Home Commentary The Digital Illusion of Not Being Evil

The Digital Illusion of Not Being Evil


When it comes to whether still to use social media or not given the increasing number of trials regarding data protection laws, various thought-provoking ideas have been outpouring. Most of these ideas do not necessarily relate to being anti-technology. 

Most importantly, whether we accept it or not, we start “losing our free will.” It is no longer surprising that as algorithms monitor our behavior and activities, it becomes easier for tech companies to change our behavior. In alignment with Skinner’s behaviorism model, as user data is gathered by computers, tech companies in Silicon Valley can make tremendous profit by making the user become a product rather than a customer without a discussion of personal economic dignity. While in the past we were looking at TV or billboards to watch the ads, now the advertisers are watching which undermines our free will by influencing our behavior. It not only destroys our soul, but also makes what we say meaningless. 

One of the most effective ways of undermining our economic dignity is using the illusion of offering something for free as exemplified by Facebook and Google. Although at first glance such a ‘free-to-everyone’ model may look appealing, ‘free’ has a much higher price than we realize. Our privacy, data along our mental and social health are being traded for the sake of receiving a free service.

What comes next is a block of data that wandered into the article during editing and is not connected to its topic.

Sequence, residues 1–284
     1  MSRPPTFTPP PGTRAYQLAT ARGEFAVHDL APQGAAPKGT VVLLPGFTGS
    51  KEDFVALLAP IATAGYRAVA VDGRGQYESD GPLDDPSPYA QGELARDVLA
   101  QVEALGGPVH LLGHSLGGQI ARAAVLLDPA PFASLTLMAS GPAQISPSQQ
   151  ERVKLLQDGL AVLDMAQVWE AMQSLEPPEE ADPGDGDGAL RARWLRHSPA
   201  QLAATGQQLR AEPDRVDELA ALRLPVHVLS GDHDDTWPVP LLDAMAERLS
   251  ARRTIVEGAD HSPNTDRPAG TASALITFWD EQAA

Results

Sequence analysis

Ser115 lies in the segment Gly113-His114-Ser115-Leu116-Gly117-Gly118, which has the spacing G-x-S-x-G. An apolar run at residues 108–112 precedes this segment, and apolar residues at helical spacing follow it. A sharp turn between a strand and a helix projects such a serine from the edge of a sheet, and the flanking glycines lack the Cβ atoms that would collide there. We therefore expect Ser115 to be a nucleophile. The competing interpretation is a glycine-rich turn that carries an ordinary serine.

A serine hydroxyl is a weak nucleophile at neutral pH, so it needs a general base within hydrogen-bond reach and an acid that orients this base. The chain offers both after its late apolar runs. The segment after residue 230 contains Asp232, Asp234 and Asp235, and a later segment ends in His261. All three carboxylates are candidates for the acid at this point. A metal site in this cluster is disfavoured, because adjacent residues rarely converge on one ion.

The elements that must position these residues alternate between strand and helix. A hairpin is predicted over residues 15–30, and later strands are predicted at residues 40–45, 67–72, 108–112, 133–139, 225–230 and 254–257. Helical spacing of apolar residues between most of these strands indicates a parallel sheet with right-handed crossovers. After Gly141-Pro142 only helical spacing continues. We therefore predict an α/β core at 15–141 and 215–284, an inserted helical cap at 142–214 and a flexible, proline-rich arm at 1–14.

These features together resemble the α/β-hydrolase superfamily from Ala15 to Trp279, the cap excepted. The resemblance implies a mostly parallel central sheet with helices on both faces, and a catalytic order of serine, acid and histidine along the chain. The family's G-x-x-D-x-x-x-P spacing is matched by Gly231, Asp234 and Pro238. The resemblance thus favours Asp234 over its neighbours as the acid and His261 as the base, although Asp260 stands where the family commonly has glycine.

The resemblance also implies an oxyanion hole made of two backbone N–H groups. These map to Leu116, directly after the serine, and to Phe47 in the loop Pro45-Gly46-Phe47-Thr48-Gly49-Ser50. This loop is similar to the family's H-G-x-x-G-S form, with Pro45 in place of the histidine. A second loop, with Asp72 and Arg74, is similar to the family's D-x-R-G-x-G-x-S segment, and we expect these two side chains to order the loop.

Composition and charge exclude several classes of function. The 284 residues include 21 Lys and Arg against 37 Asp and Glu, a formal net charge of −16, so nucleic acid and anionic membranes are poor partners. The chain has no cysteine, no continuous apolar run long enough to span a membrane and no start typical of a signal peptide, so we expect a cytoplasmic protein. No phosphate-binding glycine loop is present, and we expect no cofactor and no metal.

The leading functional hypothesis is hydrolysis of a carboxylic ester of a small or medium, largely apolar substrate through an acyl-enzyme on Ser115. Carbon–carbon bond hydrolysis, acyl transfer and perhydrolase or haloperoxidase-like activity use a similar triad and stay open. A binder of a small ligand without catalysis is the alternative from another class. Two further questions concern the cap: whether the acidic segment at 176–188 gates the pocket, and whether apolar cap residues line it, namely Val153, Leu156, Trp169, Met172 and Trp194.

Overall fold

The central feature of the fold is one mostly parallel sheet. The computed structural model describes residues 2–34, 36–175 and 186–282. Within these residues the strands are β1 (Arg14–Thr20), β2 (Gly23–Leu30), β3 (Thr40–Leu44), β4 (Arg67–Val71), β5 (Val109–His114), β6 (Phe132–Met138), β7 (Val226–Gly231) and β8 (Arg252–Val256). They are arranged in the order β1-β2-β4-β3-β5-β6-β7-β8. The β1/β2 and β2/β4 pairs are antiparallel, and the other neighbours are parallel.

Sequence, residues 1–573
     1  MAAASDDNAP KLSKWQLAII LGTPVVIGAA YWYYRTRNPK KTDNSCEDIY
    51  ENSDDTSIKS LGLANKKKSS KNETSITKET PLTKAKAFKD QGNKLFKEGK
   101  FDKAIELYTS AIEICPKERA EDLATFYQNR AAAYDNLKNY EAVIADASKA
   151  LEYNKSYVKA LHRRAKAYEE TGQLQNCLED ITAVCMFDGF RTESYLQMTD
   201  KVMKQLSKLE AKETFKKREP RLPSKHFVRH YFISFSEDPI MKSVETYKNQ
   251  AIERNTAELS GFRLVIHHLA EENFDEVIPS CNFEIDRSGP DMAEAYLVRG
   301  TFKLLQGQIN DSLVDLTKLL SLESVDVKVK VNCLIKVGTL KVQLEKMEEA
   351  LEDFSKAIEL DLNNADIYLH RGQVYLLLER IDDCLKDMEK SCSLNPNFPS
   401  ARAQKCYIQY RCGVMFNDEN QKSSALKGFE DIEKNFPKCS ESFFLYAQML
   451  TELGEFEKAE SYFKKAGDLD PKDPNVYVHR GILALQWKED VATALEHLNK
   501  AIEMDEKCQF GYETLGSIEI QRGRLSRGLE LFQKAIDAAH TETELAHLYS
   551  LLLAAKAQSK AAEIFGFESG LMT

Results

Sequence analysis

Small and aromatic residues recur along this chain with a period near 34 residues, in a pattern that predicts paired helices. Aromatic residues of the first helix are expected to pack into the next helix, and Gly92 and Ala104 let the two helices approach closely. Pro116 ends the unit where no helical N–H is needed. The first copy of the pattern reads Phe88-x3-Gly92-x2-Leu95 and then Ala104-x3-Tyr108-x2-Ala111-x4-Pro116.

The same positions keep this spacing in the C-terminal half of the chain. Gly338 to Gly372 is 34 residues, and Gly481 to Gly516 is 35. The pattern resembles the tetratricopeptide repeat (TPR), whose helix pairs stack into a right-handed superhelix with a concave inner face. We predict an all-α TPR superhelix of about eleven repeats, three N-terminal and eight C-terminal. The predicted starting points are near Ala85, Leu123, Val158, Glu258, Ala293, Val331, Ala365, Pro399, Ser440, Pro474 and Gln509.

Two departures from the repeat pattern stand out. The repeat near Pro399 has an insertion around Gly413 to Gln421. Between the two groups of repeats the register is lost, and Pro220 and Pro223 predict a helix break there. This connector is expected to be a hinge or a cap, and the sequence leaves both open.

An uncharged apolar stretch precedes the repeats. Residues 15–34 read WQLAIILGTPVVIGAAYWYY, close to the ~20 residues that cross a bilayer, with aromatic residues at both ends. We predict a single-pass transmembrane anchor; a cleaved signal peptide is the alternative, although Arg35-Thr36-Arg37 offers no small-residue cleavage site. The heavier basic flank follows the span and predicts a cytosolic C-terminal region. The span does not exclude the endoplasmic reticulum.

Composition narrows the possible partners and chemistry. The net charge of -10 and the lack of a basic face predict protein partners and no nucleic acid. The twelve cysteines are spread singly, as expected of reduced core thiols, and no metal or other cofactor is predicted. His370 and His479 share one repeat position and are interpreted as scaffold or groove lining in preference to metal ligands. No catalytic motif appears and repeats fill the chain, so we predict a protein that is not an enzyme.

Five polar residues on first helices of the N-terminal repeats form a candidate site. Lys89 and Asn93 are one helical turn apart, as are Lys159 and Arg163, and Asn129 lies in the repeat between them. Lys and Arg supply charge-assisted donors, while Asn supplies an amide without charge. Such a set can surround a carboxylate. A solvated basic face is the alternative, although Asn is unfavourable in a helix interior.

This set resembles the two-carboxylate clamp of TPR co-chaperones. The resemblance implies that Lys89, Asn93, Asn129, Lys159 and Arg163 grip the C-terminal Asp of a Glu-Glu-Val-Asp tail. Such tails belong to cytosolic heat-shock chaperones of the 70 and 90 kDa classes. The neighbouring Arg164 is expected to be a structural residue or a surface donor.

Similar to the invention of books, a social mission of the Internet was to make everything free for the public as public commons was the desired aim to avoid any type of inequity. On the other hand, while everything is supposed to be free, everything is also supposed to be about hero entrepreneurs. It is very common among Silicon Valley entrepreneurs to think that education, medicine or transportation in the world can be re-invented by their start-ups. While they convinced most individuals that in order to finance a connection between two individuals a third person should be paid to manipulate them, this model resulted in the following social and economic crises:

  • While software may appear to have been developed on free, open source platforms, a crucial part of the code runs on private computers placed in hyper secured places. In other words, free and open resulted in private and secret.
  • A free product puts the burden onto the end user by mentioning in a user agreement that the company has actually the right to make use of their data and spy on them.
  • Major tech companies act like gatekeepers as they are able to decide on what content is allowed. It becomes more difficult to draw a line between a public platform and a private publisher. Limiting information and modifying personal feeds also destroys the capacity for empathy due to decreased levels of interaction with differing viewpoints.
  • Through means of a ‘free-to-everyone’ model, “walled gardens” around tech companies in Silicon Valley have been built.